The queue FIFO stores the ID of the SDU when it activates its “spike_ready” signal. The writing operation is managed by the “Queue Write Control” control module. The reading process is handled by the “Output FIFO WR control” block. The data output of the queue determines, which SDU is selected to transfer a spike waveform from its buffer to the output FIFO. The SDU keeps track of the last transmitted spike location on the buffer and hence this information does not need to be saved in the queue. The “Select Detector Unit” block activates the “sel_SDU” signal of the corresponding SDU defined by the queue data output.
The maximum queue depth was used to calculate the maximum transmission delay of the spikes to the Xillybus IPcore. The number of clock cycles that the system takes to copy a complete spike waveform to the Xillybus IPcore were determined using the ChipScope results. To monitor the queue depth, the data count on the FIFO was sent along with the spike waveform data via PCIe to the host.
The queue FIFO was created using Xilinx ISE core generator. The size of the queue was 16Kx5bits.

The Output FIFO WR Controller:

The output-FIFO-WR-controller manages copying the spike waveforms from the output buffer bank to the common output FIFO. It controls the reading process from the queue to decide which SDU should be enabled for a reading. If the queue is empty, or the system is busy reading a spike waveform from the buffer bank, or if the output FIFO is full, then the “queue_rden” signal is stays low. When the system is ready to read the next spike waveform, the “queue_rden” is activated for one clock cycle. Once the corresponding SDU is selected, the output-FIFO_WR-controller sets “buffer_rd_en” signal high to start the reading cycle of 48 spike waveform words. The output-FIFO-WR-controller manages the “output_FIFO_we” taking into account the reading and multiplexer delays between activating the buffer_rd_en signal and the data availability on the Buffer bank output.

The Buffer Bank:

The buffer bank has twenty 36K BRAM buffers, each assigned to one Spike Detection Unit. The outputs of the twenty buffers are connected via multiplexers to the buffer output. The “Buffer_MUX_data_out” is connected to the data input of the output buffer. The selection route of the multiplexers is determined by the Unit-ID that the queue outputs.

The Output FIFO:

The output FIFO has different reading and writing clocks. The writing clock is 100MHz supplied by the PCIe, and the writing clock is 50MHz. The slower clock was obtained by applying a counter supplied by the external 100MHz clock. The reading process from the output FIFO is controlled by the Xillybus IPcore as shown in Fig. 2.

A screenshot from ChipScope

Fig 2 A screen shot from ChipScope, describing the copying process of spike waveforms from the buffer bank of SDU_00 onto the output Xillybus FIFO, to the Xillybus IPcore and then to the PCIe link.

Test Results:

Monitoring the signals using ChipScope, it was observed that 58 internal clock cycles are needed to copy a complete spike waveform from the buffer bank into the output FIFO and get ready to read the next AP waveform. In other words the time between two successive queue read enable signals is equal to 58 clock cycles. Each buffer associated with a spike detection unit can hold up to 128 spike waveforms at a time, counting for the case when all channel s have detected spikes at the same time stamp. When a spike is detected a 48-word block of memory is reserved in the buffer, and the samples of the refractory period are copied to the buffer as they arrive to the input BRAM one by one. Hence in case of the perfect synchronous firing over all the channels, all the spikes need to be transmitted to the output FIFO before the next synchronized event occurs to prevent the dropping of any data. Assuming that the output FIFO will not be full at any of the transmission intervals, the maximum theoretical FR per channel that the system design can handle is:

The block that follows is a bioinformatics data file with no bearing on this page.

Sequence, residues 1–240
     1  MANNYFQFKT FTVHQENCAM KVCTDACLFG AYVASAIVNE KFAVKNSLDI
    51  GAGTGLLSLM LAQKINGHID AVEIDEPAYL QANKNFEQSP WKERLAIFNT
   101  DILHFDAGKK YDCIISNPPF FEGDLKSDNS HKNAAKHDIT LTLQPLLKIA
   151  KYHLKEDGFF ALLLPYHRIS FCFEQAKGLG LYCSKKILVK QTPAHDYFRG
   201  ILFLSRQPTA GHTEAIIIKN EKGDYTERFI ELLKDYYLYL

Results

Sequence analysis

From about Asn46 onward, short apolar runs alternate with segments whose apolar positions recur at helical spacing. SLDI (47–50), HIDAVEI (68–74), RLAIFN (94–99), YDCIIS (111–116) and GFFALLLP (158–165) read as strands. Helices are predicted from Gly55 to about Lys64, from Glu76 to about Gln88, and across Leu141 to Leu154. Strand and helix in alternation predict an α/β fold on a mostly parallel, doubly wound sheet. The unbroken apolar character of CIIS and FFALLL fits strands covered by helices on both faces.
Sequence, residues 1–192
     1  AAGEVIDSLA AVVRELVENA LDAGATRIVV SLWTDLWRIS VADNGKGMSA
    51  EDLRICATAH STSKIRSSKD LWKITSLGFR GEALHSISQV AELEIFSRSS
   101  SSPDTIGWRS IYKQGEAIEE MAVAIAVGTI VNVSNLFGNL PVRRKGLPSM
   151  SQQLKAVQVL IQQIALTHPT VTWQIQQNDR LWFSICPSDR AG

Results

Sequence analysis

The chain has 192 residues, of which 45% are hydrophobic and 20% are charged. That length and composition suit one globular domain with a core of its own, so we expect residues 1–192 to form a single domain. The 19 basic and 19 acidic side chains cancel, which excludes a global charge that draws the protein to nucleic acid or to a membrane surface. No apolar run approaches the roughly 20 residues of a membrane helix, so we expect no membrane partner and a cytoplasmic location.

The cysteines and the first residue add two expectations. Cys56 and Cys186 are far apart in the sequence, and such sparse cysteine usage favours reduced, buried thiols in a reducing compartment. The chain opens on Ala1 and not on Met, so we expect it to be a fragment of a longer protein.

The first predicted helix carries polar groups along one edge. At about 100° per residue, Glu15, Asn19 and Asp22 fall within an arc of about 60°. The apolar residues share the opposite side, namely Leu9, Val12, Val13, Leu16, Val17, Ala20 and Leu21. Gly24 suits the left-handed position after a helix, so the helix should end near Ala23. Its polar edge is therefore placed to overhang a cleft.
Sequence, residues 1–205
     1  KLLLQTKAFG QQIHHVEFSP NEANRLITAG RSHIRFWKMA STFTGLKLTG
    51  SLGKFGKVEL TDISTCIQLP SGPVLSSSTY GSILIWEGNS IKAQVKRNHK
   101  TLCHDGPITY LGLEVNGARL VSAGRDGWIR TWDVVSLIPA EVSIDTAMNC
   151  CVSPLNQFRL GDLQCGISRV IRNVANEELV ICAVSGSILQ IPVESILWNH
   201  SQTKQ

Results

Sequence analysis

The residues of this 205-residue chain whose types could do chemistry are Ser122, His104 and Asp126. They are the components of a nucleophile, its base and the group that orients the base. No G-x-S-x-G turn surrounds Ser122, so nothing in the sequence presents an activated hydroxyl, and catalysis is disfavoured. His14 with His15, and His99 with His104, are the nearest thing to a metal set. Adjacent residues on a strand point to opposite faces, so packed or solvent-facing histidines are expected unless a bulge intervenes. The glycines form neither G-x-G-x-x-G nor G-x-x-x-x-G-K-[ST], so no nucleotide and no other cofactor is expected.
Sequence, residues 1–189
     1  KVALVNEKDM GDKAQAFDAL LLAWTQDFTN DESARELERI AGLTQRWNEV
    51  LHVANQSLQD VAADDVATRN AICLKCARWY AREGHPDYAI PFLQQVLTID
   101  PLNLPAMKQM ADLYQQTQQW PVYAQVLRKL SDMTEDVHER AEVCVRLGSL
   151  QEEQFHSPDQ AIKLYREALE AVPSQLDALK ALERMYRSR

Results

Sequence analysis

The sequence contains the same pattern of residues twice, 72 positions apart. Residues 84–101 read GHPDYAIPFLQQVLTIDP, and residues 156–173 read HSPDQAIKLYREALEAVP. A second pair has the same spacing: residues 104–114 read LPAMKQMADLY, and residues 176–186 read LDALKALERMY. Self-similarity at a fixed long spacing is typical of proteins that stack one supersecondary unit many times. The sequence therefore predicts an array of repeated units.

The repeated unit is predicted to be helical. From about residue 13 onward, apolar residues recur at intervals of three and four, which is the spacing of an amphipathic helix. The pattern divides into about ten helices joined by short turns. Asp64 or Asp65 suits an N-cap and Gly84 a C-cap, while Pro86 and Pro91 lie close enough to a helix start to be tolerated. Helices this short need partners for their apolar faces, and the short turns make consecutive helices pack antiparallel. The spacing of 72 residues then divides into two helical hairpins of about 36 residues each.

Maximum synchronous FR=\frac{50 MHz clock}{58 clock cycles 2560 channels}\approx 336 spikes / sec per channel
The testing spike had 256 samples that were read in a cyclic mode, simulating a synchronous firing rate of ~76 spikes/sec per channel. The ChipScope screen shot in Fig.3 graphs the queue depth sent along with the spike data to the host. The figure shows that the queue is completely emptied before new spikes are detected on the Spike detection unit. The maximum delay, as shown in Fig.3 and Fig. 4, would be:

Max-latency=2515.58.\frac{1}{50MHz}\approx 3ms

synchronous spike detection

Fig. 3 In this test synchronous spike detection over all the channels was modeled, hence the queue depth is incrementing at every
internal clock cycle during the spike time stamp. The design module can read a new spike waveform every 58 clock cycles.
While a total number of 2560 channels are “reserving a turn” in the queue, the first 45 ( ~ 2560/58 + 1) spike waveforms are
copied to the output buffer. That is why the maximum queue depth is 2515 (2560-45).


ChipScope bus plot of the 32-bit data words

Fig. 4 ChipScope bus plot of the 32-bit data words transmitted to the Xillybus IPcore. The higher 14 bits represent the queue depth while the lower 18 bits have a two bit header and 16 bits of either AP waveform data, a time stamp or channel ID.

Table 1 and table 2 present the device utilization and timing summary respectively:

Device utilization summary

Table 1 Device utilization summary for the hardware implementation of twenty spike detection units integrated with PCIe transmission.


Timing summary

Table 2 Timing summary of the same design setting.